Sunday, July 6, 2008


I took a bit of a break from my work on Suffragette to machine quilt a small project that I blogged about some time ago. I needed a break from sewing flying geese (not only are there plenty on the center of Suffragette, there are also more in the borders!), and I also hoped to have something to work on in the car when we drove to Ohio to visit my family over the 4th (bindings are perfect for this).

This small piece had been sitting and calling my name for some time. I finished piecing it quite a while back (it was a WIP here) and then debated about what exactly I wanted to do in terms of quilting. Took it to my last Daiwabo Club meeting at Bigsby's and I think it's probably good that I did. Normally, I just would have quilted this with some sort of all-over design our a stipple/meander, but was encouraged to try something more individually block based.

Staff there directed me to the book Skillbuilder Mastery for Quilting by Machine by Renae Allen. It's mean to go along with a practice quilting panel (and a CD that I don't have), but where this book is good is that it shows you quilting patterns that might be appropriate for particular block layouts (e.g. stars, those based on a 9-patch grid, triangles, etc.) and shows you a few blocks quilted with those designs. It also provides blank templates so you can draw out your design for quilting once you've sized the block appropriately. Once again, I must say that I am thankful that I can handle some basic math, as I had to downsize these pretty significantly to fit the small blocks of this quilt. Here's my drawing of the pattern I quilted in each of the blocks and the setting triangles.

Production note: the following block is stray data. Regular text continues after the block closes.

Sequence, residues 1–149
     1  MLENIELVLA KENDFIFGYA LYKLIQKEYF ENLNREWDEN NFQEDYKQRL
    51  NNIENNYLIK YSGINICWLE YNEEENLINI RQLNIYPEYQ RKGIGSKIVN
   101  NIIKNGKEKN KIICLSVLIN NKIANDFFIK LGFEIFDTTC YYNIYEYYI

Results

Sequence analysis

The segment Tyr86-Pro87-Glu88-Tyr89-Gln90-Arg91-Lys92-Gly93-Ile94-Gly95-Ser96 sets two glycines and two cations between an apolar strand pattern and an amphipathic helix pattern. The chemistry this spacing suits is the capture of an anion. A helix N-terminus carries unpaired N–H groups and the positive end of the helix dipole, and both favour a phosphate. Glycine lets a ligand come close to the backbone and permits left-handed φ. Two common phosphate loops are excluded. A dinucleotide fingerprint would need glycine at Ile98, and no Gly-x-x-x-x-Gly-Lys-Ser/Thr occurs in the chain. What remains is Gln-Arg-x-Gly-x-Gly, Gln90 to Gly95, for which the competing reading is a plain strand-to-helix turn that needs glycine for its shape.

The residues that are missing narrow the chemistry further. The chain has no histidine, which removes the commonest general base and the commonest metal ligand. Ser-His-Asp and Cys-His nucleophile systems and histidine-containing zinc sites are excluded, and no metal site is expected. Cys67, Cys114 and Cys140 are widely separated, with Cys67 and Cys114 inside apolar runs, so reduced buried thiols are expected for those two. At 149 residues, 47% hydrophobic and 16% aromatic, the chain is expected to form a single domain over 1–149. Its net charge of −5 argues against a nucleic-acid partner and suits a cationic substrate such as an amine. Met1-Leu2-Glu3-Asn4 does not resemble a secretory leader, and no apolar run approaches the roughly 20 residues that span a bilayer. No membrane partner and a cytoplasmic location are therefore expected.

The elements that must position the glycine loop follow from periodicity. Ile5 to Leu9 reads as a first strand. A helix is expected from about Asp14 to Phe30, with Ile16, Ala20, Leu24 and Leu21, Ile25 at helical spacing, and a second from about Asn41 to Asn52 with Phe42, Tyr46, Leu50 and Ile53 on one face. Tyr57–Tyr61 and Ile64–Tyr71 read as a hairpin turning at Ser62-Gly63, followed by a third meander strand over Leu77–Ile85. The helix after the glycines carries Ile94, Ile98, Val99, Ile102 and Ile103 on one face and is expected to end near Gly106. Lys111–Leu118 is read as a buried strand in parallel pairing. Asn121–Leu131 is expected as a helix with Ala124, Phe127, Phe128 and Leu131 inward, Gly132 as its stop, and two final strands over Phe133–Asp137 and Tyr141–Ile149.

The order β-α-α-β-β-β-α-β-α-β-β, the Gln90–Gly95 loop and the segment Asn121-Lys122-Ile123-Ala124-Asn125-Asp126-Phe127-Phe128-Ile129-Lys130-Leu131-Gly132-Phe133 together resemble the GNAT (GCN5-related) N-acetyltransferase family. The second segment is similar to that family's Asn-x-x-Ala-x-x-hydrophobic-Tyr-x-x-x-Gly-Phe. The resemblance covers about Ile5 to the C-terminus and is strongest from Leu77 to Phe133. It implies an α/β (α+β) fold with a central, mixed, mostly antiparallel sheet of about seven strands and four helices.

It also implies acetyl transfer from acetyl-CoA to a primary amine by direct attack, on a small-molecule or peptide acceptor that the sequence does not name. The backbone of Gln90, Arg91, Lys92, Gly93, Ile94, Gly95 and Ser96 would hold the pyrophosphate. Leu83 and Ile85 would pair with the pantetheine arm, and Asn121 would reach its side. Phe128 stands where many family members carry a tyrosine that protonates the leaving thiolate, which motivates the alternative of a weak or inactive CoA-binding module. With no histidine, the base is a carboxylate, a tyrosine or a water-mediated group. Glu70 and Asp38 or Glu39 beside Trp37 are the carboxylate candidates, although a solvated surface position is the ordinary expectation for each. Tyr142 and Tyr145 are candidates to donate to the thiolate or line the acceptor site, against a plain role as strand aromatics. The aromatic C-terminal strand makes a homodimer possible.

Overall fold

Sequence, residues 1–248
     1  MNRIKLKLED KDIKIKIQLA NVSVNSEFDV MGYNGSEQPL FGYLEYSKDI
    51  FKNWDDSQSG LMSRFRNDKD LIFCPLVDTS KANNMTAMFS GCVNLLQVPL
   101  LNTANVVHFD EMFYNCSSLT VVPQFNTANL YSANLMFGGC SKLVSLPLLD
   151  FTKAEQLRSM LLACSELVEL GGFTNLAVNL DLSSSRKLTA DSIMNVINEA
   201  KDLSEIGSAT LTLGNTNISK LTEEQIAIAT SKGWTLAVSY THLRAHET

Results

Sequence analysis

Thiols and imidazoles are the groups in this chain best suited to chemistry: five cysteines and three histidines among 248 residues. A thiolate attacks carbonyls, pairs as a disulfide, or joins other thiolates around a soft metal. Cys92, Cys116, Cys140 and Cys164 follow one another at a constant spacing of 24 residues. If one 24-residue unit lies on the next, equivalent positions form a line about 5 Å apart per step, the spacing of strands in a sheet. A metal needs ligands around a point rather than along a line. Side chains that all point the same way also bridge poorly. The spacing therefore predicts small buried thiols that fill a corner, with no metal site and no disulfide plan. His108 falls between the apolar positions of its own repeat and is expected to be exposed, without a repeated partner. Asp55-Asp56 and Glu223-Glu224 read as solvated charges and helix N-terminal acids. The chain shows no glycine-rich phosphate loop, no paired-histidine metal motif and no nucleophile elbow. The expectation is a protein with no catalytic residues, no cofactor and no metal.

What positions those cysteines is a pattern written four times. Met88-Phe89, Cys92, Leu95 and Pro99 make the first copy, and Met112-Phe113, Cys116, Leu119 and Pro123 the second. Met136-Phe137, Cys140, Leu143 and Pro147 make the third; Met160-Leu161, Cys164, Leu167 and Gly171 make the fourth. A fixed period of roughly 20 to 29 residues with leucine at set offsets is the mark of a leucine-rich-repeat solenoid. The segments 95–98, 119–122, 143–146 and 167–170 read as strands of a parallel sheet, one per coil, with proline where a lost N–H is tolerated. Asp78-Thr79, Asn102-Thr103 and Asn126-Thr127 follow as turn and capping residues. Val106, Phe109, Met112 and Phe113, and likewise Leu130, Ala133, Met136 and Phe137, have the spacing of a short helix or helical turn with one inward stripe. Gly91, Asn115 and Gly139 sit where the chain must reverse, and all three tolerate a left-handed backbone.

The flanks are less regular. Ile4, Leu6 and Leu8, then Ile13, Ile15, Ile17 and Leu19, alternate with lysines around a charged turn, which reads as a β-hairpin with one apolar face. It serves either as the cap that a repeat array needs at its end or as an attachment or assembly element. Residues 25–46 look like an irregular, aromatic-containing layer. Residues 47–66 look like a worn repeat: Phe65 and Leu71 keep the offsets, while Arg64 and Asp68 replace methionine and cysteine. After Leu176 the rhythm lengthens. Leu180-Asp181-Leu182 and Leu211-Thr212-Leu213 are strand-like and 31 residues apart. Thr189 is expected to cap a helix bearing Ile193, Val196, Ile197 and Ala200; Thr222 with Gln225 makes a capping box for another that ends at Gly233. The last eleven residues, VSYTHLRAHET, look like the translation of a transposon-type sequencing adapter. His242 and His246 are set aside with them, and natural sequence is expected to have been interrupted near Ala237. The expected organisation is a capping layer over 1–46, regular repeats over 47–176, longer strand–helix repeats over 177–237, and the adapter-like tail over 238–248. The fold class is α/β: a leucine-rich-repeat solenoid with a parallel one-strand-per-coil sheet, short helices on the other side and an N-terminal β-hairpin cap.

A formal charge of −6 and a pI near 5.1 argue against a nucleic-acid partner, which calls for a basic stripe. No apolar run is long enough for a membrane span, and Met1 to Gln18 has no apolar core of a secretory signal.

I used Golden Threads paper and got smart this time and needle punched the extra papers so I didn't have to draw out the designs over and over. This worked fairly well, although there was definitely some issue getting all of the paper out of some of the smaller areas between sewing lines. This is where ingenuity came into play and I discovered that the lint roller is helpful in picking up some of the tiny bits of excess that get all over the place!

I used a variegated thread on the top that I purchased for a class with Ann Fahl in May and which just happened to be the perfect color complement to this project. And I'd also purchased for that class some Bottom Line that was just right in terms of blending with the backing fabric (I left the spools at home, otherwise I'd let you know exactly what I used). Seeing as I hadn't really planned to quilt this when I did and of course wanted to start right away, I feel very fortunate that I was able to make do with what I happened to have around home and that I didn't feel like I had to compromise in using what I had. Here's a view of part of the back of the quilt, which shows off the quilting pretty well.

I don't think I ever mentioned what this was based on. It's the pattern Novantique, a Schnibbles pattern by Carrie L. Nelson of Miss Rosie's Quilt Co. (which doesn't appear to have its own website). The pattern was designed to use charm packs, but I made my own charms out of my growing stash of Daiwabo fabrics. I ordered the pattern at some point a while back from the Fat Quarter Shop. I must say that I am more than happy with how this turned out!


Tamara said...

This turned out really nice. And I really like the quilting pattern -- I think it really highlights the blocks. What are your plans for it?

Jammin said...

It looks great in our hallway! :) Makes me smile when I walk past it.